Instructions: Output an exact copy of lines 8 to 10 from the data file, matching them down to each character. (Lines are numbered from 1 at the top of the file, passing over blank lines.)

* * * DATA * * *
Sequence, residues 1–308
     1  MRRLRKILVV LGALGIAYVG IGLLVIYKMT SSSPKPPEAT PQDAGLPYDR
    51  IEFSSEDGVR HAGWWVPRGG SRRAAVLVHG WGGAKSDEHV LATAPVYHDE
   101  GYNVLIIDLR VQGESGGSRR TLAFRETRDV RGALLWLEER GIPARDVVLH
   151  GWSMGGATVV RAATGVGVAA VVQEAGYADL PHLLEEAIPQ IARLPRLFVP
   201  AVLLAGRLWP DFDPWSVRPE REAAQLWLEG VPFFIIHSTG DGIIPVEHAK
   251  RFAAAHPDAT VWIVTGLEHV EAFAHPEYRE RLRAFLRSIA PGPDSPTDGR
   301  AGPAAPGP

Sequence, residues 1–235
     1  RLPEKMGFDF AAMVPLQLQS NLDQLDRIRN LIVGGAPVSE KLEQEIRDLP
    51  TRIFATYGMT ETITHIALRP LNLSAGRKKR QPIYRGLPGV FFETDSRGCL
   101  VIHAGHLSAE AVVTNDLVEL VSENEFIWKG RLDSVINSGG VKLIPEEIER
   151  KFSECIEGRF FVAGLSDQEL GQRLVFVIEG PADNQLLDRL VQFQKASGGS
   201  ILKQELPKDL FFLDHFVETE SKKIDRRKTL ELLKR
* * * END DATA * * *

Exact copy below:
   301  AGPAAPGP

Sequence, residues 1–235
     1  RLPEKMGFDF AAMVPLQLQS NLDQLDRIRN LIVGGAPVSE KLEQEIRDLP